For those living in rural or remote areas, away from local telephone exchanges, slow dial-up internet connections are often the only option. But, as David Reid discovers, one French hamlet is turning to new technology to provide a solution.
Rieutort-de-Randon is the sort of place that never changes, where the war dead are still remembered, and where passers-by say "Bonjour" in the street.
A slow pace of life, does not have to mean a slow internet connection
Not so much stuck in the past, but like slipping into an old shoe, comfortable in it.
That is, until France's main telecommunications provider told the remote hamlet of 800 people that it could not have broadband. All of a sudden the village began to pinch a bit around the toes.
Time was when a ropey or non-existent internet connection was the same as being charmingly off the beaten track.
Now, however, so many businesses, transactions and services are conducted online that being badly connected is the same as being cut off without a cent.
At least, that is how it seems to the local tractor retailer, for whom the internet is an essential tool of the trade.
Gilbert Delor from Tractor retail and repairs says: "I think that if we want businesses to come here and thrive we have to have the internet. It is a method of communication. It is a road. It is as if today we refused to have a motorway leading here.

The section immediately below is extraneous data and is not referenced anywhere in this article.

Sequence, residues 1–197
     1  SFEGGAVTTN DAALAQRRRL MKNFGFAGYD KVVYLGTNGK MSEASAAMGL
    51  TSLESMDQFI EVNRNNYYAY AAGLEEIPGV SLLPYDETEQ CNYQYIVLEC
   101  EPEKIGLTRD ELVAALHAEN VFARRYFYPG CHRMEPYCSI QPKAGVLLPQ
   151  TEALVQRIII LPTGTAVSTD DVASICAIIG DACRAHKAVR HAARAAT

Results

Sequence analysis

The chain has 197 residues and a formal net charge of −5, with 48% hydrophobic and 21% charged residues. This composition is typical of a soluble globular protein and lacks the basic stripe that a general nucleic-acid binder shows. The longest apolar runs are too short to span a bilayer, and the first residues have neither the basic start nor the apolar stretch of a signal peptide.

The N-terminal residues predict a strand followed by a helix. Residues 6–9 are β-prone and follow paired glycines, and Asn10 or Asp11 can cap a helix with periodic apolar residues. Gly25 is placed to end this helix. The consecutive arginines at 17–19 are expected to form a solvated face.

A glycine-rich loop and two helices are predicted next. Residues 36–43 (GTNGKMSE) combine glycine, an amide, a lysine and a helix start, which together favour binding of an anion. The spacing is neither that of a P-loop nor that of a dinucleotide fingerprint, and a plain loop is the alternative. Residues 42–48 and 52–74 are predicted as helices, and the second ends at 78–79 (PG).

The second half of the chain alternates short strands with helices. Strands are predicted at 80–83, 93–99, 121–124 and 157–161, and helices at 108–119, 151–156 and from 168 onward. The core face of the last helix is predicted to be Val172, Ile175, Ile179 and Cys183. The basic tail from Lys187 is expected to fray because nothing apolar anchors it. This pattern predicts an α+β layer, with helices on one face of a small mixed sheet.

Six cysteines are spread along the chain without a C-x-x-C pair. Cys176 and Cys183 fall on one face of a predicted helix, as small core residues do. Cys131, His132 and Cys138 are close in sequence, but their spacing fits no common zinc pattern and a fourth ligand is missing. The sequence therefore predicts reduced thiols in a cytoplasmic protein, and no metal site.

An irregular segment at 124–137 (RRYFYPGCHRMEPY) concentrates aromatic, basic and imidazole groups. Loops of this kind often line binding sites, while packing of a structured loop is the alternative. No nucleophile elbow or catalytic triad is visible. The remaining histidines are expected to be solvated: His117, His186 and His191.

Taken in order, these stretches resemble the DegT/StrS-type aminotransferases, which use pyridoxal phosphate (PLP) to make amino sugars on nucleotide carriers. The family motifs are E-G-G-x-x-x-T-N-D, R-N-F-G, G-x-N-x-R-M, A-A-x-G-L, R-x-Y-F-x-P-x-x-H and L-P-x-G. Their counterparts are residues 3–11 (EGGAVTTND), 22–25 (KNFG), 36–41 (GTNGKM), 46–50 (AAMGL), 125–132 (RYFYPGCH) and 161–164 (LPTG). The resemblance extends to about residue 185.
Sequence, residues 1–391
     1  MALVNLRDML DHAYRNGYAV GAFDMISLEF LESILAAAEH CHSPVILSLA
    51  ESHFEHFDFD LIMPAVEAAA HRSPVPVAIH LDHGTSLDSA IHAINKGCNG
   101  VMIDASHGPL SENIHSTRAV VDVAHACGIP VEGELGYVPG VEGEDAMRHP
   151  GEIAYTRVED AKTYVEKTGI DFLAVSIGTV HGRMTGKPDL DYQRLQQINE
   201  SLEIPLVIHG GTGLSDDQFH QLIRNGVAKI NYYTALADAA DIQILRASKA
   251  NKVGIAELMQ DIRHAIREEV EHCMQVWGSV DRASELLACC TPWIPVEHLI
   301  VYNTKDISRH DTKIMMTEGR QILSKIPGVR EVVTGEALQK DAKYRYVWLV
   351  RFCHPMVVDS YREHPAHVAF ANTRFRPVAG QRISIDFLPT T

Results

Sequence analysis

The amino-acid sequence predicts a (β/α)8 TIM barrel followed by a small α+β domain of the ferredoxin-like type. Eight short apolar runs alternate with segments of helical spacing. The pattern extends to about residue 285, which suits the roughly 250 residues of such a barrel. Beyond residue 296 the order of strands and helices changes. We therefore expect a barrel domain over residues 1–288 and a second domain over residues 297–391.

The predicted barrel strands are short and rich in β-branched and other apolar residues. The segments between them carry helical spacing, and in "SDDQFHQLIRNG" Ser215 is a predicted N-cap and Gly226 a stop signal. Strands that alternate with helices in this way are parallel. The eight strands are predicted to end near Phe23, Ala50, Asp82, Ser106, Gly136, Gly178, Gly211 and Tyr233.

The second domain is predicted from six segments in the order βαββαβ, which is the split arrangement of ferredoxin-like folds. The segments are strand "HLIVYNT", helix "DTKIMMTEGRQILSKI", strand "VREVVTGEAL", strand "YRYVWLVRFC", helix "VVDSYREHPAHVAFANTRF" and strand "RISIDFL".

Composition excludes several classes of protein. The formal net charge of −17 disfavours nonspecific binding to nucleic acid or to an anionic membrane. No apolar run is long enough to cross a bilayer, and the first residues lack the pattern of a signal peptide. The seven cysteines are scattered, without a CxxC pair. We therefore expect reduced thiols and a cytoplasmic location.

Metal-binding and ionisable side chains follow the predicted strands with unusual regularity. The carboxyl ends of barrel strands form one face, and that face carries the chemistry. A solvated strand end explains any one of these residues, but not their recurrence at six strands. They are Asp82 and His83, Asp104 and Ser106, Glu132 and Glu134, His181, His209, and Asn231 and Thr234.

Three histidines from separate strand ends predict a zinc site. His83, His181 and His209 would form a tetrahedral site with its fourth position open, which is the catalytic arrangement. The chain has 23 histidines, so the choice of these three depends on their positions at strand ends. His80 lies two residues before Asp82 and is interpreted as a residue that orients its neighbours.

"Already we are out of the way. We don't have a local airport and we are not well served by the train. We can't be left behind in every field or there won't be anyone left in the countryside."
A recent change in French law allows communities to be their own communications providers.
It does not stop telecom companies from failing to provide infrastructure, but it does allow people to do something about it.
The problem is that the connection speed of DSL broadband decreases the further you get down the line from your telecom's central office.
The fast connection means the next generation can get an online education
While voice calls can be boosted, those same boosters block DSL signals.
Piped broadband is effectively limited to less than 3.5 miles (5.5km) radius and Rieutort-de-Randon is much more than that from the nearest exchange.
Mayor Francis Saint-Léger says: "The only solution that was possible to have broadband here was through the alternative solution of satellite and wi-fi.
"That means a dish that receives the satellite signal and then a wi-fi network which provides broadband internet on the ground to locals, businesses and schools."
It is good news for the tractor retailer, who can download repair manuals in PDF format and surf for second-hand parts, and also for the village shop owner who can check up on deliveries and the availability of merchandise.
Most importantly, the fast connection means the next generation can get an online education.
Children's' surfing can be clumsy and high speed connections are more forgiving.
School teacher Véronique Surivet says: "Children don't find things immediately like an adult, but they discover.
"They search a lot, they grope around and it is difficult for them. With a high-speed connection we don't waste time, and that is wonderful."
This is more than the tale of the internet's late arrival to a one horse town.
Rieutort-de-Randon offers a model to other remote areas such as large expanses of the developing world, where laying cables or mobile networks might be too expensive.
Our networked world might have led to the death of distance, but geography is as relevant as ever.
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